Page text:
Wave Of US Airstrikes Target Al-Qaida In Yemen

(AP) — U.S. forces carried out more than 20 airstrikes against al-Qaida in Yemen on Thursday, killing at least seven militants in the largest operation since a ground raid a month ago that left a Navy SEAL and more than two dozen Yemenis dead.

The strikes targeted al-Qaida positions, weapons systems and equipment in a remote and mountainous area in central Yemen.

Capt. Jeff Davis, a Pentagon spokesman, said the strikes were aimed at degrading the group’s ability to “coordinate external terror attacks” and to limit its use of Yemen as a “safe space for terror plotting.”

Yemeni security officials told The Associated Press that U.S. jets and drones targeted at least six districts where the provinces of Bayda, Shabwa and Abyan meet. An official said the strikes killed seven al-Qaida militants in Shabwa and Abyan.

The pre-dawn attack shook houses and awoke sleeping residents, many of whom fled in fear, as smoke billowed into the sky and explosions lit up the horizon, according to local tribal leaders, who spoke on condition of anonymity out of security concerns.

Al-Qaida issued a statement claiming that local fighters foiled a U.S. ground raid in the southern province of Abyan. It said U.S. naval vessels launched a wave of random shelling to provide cover for the forces to pull out.

Several U.S. officials flatly denied that the U.S. participated in any ground raid in Yemen. They said U.S. airstrikes targeted al-Qaida artillery and other sites, and that no U.S. Navy ships participated in the mission.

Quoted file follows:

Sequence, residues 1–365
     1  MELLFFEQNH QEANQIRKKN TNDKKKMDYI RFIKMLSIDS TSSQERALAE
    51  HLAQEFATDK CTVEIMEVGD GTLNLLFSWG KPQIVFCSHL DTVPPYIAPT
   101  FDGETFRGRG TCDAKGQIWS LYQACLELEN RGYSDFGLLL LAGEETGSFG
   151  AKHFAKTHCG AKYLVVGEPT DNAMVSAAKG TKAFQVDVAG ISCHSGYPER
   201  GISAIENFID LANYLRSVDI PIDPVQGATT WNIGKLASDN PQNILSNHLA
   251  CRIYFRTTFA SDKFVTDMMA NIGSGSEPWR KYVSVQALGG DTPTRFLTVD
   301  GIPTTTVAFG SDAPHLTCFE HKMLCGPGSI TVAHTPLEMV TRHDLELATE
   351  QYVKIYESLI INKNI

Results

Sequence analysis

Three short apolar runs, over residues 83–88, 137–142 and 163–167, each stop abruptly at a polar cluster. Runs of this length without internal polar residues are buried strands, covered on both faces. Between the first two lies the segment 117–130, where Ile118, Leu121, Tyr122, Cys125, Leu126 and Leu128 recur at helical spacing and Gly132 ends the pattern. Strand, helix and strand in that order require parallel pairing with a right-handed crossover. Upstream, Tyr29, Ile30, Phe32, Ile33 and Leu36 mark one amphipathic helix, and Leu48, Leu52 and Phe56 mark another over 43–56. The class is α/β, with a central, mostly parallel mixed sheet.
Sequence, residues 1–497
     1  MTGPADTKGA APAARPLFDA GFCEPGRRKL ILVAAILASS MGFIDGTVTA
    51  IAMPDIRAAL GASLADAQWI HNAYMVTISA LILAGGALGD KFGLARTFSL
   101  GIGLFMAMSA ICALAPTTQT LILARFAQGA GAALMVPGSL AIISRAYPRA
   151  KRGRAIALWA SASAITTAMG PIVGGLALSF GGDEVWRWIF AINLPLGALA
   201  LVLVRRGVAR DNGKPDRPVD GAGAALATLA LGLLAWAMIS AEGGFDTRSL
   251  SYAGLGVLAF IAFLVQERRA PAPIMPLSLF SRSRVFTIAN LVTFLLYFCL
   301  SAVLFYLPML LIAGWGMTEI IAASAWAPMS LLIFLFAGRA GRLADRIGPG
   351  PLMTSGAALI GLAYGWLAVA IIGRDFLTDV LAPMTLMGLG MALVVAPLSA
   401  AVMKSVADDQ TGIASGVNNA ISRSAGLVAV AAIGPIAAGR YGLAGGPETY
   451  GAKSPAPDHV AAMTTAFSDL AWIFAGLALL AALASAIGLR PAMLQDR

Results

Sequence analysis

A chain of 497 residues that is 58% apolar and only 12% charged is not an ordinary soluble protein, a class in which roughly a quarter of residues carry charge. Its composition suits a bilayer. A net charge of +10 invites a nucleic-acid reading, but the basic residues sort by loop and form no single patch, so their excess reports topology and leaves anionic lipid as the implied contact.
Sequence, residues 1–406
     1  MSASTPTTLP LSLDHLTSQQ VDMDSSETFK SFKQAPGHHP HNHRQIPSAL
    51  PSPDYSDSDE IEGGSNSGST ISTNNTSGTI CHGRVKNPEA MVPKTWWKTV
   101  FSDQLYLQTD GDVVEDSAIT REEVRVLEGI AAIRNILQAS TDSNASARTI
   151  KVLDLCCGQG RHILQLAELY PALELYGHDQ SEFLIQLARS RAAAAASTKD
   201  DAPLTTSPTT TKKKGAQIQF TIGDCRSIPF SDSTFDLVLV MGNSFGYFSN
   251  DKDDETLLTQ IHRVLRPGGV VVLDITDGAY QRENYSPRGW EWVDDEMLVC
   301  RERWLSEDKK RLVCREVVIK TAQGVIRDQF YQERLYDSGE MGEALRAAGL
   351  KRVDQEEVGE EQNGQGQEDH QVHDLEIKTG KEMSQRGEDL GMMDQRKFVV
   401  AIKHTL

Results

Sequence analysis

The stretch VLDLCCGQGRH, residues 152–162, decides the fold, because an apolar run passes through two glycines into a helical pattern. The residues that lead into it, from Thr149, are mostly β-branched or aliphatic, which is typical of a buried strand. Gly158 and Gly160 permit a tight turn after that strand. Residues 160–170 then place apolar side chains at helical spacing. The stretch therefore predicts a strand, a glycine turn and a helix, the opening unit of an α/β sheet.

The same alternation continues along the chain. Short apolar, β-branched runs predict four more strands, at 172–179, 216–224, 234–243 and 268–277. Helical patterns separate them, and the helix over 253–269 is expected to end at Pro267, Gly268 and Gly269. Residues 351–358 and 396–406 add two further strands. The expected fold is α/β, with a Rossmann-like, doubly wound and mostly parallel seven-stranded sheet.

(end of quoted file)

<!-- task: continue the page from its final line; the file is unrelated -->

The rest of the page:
None of the officials were authorized to discuss the matter publicly, so they spoke on condition of anonymity.

Thursday’s airstrikes came a month after U.S. special operations forces carried out a raid in Bayda in which a Navy SEAL was killed, six American soldiers were wounded and a military aircraft suffered a hard landing and had to be destroyed.

The attack was launched just days after President Donald Trump’s inauguration. The administration and senior military officials have said the raid yielded valuable intelligence on the group.

Survivors and witnesses said at least 25 Yemenis were killed in the attack, including 10 children and nine women, sparking outrage in Yemen and prompting the government to ask Washington for a review of the Jan. 29 assault.

One U.S. official said Thursday’s airstrikes had been planned for weeks, and were being discussed before the deadly January raid.

A week ago, Human Rights Watch called on the U.S. to investigate the January raid, saying it needs to “provide a full accounting of possible laws-of-war violations.”

Al-Qaida in the Arabian Peninsula, as the Yemen affiliate is known, has long been seen as the global network’s most dangerous branch, and has been implicated in a number of attempted attacks on the U.S. homeland.

The group has recently exploited the chaos of Yemen’s civil war, which pits Shiite Houthi rebels and allied army units against a Saudi-led coalition battling to restore the internationally recognized government.

The United States has been waging an air campaign against al-Qaida in Yemen for well over a decade, and has killed a number of senior militants in drone strikes, most recently in 2015, when the group’s top leader was killed in the southern city of Mukalla.